The Deposit Protection Corporation (DPC) says its fund to pay out depositors of banks that collapse has declined to $7,2 million from $16 million since December last year, and warned that healthy institutions face the risk of contributing additional funding should more banks fail this year.
The DPC was established in 2003 through an Act of Parliament to, among other responsibilities compensate depositors in the event of a bank’s collapse. All deposit-taking financial institutions pay a premium of two percent of total deposits to the DPC.
DPC chief executive, John Chikura told participants at its one-day workshop for banks on Wednesday that as at December 31, 2014, the fund had reduced to $7,2 million after making payouts to depositors of collapsed banks.
“One hopes that no more banks are going to fail because if they do, what do we do?,” he said, adding that there was need to capitalize DPC to enable it to make future payments to depositors.
However, Chikura said the Act provides that if a bank(s) fails when the funds have been exhausted, the corporation can request operational banks to contribute to resolve the problem.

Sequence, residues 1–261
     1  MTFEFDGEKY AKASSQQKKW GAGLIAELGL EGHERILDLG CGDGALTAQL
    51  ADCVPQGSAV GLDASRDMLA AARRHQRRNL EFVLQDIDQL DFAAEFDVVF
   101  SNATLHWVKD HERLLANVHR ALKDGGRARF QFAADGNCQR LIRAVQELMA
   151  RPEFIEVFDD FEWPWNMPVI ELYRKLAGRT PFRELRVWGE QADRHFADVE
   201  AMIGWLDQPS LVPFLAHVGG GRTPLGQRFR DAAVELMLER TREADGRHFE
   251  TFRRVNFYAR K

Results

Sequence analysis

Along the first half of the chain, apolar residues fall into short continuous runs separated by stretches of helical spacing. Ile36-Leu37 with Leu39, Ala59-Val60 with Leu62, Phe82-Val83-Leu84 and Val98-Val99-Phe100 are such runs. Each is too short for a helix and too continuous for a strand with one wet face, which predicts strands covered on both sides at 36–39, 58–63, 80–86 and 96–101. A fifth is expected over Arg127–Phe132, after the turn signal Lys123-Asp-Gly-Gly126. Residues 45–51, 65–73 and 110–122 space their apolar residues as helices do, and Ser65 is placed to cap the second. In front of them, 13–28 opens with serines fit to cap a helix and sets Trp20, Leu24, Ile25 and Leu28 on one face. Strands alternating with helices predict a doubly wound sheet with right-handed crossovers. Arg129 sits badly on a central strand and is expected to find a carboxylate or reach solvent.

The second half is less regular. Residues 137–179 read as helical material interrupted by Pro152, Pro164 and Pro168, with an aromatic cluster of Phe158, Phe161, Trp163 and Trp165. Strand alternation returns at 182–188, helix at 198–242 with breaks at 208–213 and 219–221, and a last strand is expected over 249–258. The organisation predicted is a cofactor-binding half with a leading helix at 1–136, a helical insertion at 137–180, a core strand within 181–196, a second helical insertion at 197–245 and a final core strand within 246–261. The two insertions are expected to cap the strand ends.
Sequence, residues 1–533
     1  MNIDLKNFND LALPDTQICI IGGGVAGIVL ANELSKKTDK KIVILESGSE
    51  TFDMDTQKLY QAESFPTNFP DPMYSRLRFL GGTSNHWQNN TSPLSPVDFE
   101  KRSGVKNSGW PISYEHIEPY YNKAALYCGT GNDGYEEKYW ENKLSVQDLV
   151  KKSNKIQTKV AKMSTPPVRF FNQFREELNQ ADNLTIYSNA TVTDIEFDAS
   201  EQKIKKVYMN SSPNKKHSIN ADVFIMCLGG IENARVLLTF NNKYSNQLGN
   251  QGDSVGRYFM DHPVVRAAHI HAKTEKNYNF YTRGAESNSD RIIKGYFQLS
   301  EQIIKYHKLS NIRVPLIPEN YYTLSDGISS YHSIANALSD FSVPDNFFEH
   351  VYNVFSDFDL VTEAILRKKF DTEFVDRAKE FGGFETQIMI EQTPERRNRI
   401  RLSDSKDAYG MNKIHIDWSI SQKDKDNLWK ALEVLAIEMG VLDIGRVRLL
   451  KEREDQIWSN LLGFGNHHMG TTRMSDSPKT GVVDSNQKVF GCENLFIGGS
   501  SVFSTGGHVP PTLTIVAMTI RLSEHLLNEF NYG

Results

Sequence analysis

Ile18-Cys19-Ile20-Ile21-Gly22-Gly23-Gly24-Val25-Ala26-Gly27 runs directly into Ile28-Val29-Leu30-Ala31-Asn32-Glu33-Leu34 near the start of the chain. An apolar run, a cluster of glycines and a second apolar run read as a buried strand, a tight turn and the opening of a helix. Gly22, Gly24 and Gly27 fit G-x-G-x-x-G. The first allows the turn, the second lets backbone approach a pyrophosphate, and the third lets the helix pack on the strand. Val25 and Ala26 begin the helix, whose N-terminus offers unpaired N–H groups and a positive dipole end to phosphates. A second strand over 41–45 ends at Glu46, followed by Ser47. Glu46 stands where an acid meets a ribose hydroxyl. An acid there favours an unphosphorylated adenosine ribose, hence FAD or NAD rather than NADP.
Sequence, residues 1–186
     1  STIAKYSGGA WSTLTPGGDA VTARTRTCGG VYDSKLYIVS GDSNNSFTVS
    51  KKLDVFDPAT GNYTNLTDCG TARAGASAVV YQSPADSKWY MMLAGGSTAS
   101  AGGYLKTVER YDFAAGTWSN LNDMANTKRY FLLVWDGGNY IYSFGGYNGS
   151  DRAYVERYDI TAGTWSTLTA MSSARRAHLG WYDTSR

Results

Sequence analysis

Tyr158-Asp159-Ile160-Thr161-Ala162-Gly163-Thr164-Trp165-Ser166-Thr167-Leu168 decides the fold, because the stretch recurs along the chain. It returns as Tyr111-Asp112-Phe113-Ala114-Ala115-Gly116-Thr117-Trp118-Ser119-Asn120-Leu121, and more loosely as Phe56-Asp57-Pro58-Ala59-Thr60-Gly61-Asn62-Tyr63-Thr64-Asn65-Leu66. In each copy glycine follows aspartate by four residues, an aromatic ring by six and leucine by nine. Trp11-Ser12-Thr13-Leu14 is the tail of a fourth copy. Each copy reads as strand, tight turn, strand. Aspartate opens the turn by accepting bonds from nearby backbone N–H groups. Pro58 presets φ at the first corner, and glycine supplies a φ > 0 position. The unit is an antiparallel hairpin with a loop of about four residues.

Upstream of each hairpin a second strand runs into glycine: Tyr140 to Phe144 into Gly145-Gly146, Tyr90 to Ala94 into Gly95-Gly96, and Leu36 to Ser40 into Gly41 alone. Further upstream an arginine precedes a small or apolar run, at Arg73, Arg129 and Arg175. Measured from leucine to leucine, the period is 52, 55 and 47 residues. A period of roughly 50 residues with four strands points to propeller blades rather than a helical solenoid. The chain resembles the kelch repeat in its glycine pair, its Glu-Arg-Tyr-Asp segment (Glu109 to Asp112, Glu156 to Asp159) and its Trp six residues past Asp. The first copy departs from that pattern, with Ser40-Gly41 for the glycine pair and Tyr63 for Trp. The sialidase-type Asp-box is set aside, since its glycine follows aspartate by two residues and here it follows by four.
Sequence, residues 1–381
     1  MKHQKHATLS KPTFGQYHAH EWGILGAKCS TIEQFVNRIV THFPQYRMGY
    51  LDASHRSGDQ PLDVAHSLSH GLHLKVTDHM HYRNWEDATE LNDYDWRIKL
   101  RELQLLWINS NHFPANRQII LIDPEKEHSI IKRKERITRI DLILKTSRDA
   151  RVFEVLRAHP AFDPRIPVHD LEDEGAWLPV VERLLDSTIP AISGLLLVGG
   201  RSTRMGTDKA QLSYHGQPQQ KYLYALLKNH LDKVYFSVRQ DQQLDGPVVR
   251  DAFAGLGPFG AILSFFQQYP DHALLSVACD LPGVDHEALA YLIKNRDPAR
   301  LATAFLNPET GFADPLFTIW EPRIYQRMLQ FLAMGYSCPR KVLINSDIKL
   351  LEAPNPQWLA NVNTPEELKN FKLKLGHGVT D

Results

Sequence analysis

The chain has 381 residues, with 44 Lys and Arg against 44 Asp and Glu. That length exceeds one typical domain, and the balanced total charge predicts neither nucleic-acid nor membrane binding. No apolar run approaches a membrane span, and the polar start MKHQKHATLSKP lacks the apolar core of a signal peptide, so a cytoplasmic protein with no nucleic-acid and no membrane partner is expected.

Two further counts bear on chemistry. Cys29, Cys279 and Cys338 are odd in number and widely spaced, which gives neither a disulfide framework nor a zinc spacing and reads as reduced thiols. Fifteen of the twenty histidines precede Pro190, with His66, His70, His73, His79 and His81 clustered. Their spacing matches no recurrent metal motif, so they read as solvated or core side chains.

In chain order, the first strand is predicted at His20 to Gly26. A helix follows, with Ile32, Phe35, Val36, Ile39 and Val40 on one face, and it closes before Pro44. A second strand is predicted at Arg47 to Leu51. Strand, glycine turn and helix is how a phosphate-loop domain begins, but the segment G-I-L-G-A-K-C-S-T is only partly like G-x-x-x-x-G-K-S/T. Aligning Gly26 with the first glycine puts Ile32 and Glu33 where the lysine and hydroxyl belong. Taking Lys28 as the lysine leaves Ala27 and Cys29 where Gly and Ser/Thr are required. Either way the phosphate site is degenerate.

So far he said there were 17 operational banks with one — Tetrad Investment Bank — under judicial management.
He said the collapsed Capital Bank, which was owned by the National Social Security Authority, had not yet progressed to provisional liquidation due to some legal challenges.
In an earlier interview with The Source, he said the bank’s former owners had launched a legal bid to get the ownership of the financial institution.
The bank was part of Patterson Timba’s business empire which collapsed in 2011 in a cloud of poor corporate governance allegations. NSSA, a statutory pension scheme set up in 1989 to which all employees make contributions, took a controlling 84 percent stake in the bank in 2012 after converting its $8, 5 million deposit into equity and rebranded it.
As at May 31 this year, Chikura said seven banks were on the watch list including Tetrad, with four of those in a distressed financial condition.
Six banks were closed in recent years, namely Allied, Trust, AfrAsia, Capital, Interfin and Royal.
Chikura said exposure to contributory institutions was $134 million and $45,4 million to closed banks and those on the watch list.
The deposit insurance cover is currently pegged 88.5 percent with each depositor receiving $500.
“We are below the target of 90 percent, we need to cover at 90 percent to get a $1,000 per depositor. But because of limited funds we are remaining at $500 for the time being,” he said.